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Depending on the job, the role and the organisation, applications can vary massively in the amount of time and effort required to fill one out effectively. That’s why it’s good practice to look over the specification and customise the job application well before the deadline date.

Understand what’s expected

The reason many applications take so long is because no organisation has a one size fits all approach. Where one role might request a CV and covering letter, another will have an online portal, psychometric testing and a 10 part application form.

Research, considering your response, drafting out your answers, proofreading and collecting necessary evidence can take countless hours, so where possible try and do it without the additional time pressure.

Customise your job application

Either way, the best chance at securing an interview means customising your application for each role. Start by researching the business. The company website is the best place to start. Check out their ‘About us’ page if they have one, the company blog and social media channels. This should give you a good grounding in what the business does and what they’re looking for in a prospective employee.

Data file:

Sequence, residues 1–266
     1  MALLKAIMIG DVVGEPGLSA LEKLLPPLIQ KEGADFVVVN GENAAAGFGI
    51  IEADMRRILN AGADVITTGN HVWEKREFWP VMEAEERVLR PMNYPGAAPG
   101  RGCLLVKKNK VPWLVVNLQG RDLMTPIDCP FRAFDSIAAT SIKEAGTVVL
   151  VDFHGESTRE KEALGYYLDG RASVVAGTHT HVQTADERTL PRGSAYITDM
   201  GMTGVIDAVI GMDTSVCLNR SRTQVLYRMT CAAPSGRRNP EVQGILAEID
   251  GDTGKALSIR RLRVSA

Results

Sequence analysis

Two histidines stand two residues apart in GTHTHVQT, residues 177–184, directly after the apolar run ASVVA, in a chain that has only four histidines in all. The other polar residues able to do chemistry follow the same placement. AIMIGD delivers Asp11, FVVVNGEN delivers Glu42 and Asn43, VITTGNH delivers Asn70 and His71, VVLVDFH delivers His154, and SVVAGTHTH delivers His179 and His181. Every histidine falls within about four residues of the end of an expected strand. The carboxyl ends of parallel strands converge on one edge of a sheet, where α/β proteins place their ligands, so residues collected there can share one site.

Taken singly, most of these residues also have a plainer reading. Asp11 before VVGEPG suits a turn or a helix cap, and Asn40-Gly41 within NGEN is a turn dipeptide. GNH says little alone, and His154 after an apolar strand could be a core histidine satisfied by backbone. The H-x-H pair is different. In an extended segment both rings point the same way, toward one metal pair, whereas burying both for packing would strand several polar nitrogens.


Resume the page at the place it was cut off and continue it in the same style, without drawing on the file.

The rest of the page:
Much like when we discussed tailoring your CV, the job spec is your best friend when customising your application. Many people find that having a hardcopy of the job spec printed out, rather than on screen can help them digest the information better. Grab a pen and start highlighting key verbs, for example ‘implementing’ ‘managing’ ‘analysing’. Underline all the key tasks, ‘budgets’ ‘sales’ ‘marketing’ and use these to craft your answers.

For each bullet point, think of a past example from your education/work/volunteer experience that meets those criteria. If it helps make a list detailing those examples. If you’re limited by word counts, prioritise your strongest examples, or use examples which cover multiple points.

Triple check spelling and grammar

Never underestimate the value of the redrafting and proofreading stage so make sure you leave time for it. Ultimately, poor spelling and grammar looks sloppy and immediately turns hiring managers off. While many people struggle with this and it’s not something to be ashamed of, there is the assumption that if the application was important to you then you’d take the extra due care and attention to triple check for errors.

Never rely solely on spellcheck – mistakes can and will be made. If you can, borrow a second pair of trusted eyes to look over your application before you send it. Our brains can play tricks on us and we can read what we think we’ve written rather than what’s on the page. A few careless typos could be the only difference between you and another candidate with the same skills and experience – it pays to proofread!

Ready to take the next step? View the next chapter in our #GetHired Skills Toolkit.